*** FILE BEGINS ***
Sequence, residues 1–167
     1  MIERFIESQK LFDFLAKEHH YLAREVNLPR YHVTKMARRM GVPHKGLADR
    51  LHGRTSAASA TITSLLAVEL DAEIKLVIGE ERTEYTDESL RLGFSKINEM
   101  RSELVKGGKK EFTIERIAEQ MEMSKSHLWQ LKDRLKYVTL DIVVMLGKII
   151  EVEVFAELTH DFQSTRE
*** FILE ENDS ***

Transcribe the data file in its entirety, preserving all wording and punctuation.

Sequence, residues 1–167
     1  MIERFIESQK LFDFLAKEHH YLAREVNLPR YHVTKMARRM GVPHKGLADR
    51  LHGRTSAASA TITSLLAVEL DAEIKLVIGE ERTEYTDESL RLGFSKINEM
   101  RSELVKGGKK EFTIERIAEQ MEMSKSHLWQ LKDRLKYVTL DIVVMLGKII
   151  EVEVFAELTH DFQSTRE